Red Balau

Using Red Balau hardwood as decking is not a new idea. In fact you have probably already seen it in other products. The Shorea genus brings us a multitude of products known by other names.

  • Meranti – commonly seen in decks, marine plywood and as a solid wood in boat building.
  • Lauan – another Mahogany variant which is seen in boat building and in low cost plywood.
  • Philippine Mahogany – excellent exterior wood that is very lightweight which is seen in boats and homes.

Red Balau is just one of the species in the Shorea genus and has been on the market as a decking product for many years as well. It is an excellent tropical decking solution with superior insect and rot resistance.


It is hard and durable and much more color consistent than other tropical decking species like Meranti, Ipe and Cumaru. The grain is tight with smaller pores and despite its interlocked grain, so you won’t find the striping and raised grain common with other products. Best of all it is a beautiful, rich reddish brown decking board that is clear of defects, so you have much less waste during the installation. The hardness, while still quite high (comparable to Hard Maple), it is soft enough to not burn out drill motors and strip screws like its much harder tropical decking brothers.

Red Balau decking price
Our decking comes with the end already sealed

Currently we offer 5/4×6 and 1×4 decking in a variety of lengths as a ready to install decking board surfaced on 4 sides (S4S) and eased on 4 edges (E4E). We can also groove it for hidden clip fasteners or provide it un-grooved for face screwing installation. We also supply screws, clips, oil, sealant, etc. Anything you need for your deck build.


Not only is it a beautiful and durable alternative to Meranti, Ipe or Cumaru, but it can often be obtained at 1/3 to 1/2 the price of Ipe and Cumaru! The key difference with our Red Balau and the popular Meranti decking products is that we source a specific species of the Shorea genus, and therefore can give you a much more consistent color match between boards. Most Meranti decking is a conglomeration of multiple Shorea species with variegated grain and color.


The hardwood comes from Indonesia, and we are the direct importer of record. All our Balau decking is from sustainable, permanent forests, and carries an FSC® certification. We visit the mills we purchase from in order to ensure they practice sustainable forestry from stump to shipping container. We can provide a chain of custody documentation which you might need to qualify for LEED points.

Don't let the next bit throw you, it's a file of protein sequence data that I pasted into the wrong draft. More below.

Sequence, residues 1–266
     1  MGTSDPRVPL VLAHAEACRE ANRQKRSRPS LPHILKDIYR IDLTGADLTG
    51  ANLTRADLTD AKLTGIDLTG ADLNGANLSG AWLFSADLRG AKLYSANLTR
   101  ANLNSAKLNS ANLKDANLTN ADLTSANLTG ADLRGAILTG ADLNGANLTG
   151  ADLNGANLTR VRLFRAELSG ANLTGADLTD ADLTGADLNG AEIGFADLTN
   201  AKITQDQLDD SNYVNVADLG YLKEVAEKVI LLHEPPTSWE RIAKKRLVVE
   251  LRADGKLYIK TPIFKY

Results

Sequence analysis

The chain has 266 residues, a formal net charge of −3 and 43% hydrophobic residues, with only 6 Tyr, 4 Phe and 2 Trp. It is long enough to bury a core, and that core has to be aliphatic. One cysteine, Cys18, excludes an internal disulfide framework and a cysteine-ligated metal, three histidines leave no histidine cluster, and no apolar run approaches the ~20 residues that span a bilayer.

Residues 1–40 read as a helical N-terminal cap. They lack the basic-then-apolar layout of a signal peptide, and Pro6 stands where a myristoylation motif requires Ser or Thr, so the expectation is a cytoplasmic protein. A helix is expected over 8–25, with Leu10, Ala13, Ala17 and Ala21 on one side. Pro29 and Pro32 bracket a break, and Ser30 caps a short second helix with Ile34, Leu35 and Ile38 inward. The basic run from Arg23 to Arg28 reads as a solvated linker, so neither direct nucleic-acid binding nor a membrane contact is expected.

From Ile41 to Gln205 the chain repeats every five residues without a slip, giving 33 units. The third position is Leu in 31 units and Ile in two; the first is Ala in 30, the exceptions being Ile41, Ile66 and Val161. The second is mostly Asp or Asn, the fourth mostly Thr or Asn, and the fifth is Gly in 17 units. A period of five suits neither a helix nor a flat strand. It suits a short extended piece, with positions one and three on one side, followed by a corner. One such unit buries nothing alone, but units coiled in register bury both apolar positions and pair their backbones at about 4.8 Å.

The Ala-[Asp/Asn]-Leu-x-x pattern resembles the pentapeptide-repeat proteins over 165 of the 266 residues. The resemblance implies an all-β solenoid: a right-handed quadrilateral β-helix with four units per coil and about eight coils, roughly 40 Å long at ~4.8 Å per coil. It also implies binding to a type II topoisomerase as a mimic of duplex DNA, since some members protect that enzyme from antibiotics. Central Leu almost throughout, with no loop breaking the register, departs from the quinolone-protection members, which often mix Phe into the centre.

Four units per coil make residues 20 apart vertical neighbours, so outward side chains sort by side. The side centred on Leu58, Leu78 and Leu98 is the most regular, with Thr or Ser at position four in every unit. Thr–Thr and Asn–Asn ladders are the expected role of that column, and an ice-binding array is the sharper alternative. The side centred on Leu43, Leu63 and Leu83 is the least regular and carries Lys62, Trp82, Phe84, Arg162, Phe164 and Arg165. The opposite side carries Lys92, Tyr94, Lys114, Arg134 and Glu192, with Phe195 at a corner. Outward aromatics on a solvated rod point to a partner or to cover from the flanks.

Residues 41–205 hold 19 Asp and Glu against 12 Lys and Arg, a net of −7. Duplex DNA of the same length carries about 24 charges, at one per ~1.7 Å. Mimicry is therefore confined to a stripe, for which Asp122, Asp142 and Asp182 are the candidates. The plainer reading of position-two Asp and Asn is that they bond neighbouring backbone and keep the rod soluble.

We have reviewed this as a potential product for years, and we only started to stock it when we were certain we had identified the right mills that could continuously supply us with a single species in order to ensure color consistency and quality from one board to the next and from one shipment to the next.


Character Dry Units
Bending Strength 17730 psi
Max Crushing Strength 10280 psi
Stiffness 2457 1000 psi
Work to Maximum Load 14 in-lbs/in3
Hardness (Janka) 1600 lbs
Specific Gravity .69
Weight 53 lbs/ft3
Density 53 lbs/ft3
Radial Shrinkage 5.5 %
Tangential Shrinkage 10.1 %
T/R Ratio 1.8
Volumetric Shrinkage 15.7 %



Red Balau Decking
  • When the decking arrives, keep your boards dry and in the shade; then allow the boards to acclimate to your local environment for a few days.
  • Seal the end grain of any freshly cut boards (End Sealer available with purchase, ask your salesman)
  • Red Balau is much less dense than Ipe and Cumaru, but we still recommend pre drilling all screw holes.
  • Keep pilot holes 3/4″ away from the end of boards to prevent splitting
  • For ground level decks, maintain 12-18″ of clearance under the deck for proper ventilation. Failure to do so will result in deck boards cupping, cracking, or buckling.
  • Decking can be left unfinished and will weather to a silvery gray, but we recommend applying a deck oil after installation (on all 4 sides) to slow moisture exchange in the wood for the most stable boards.
  • Use only high quality deck screws with square or star drive heads, as dense and hard tropical decking will snap lesser quality screws.
  • Assume 1/4″ gap spacing between boards to start, then adjust your spacing based on your specific environment.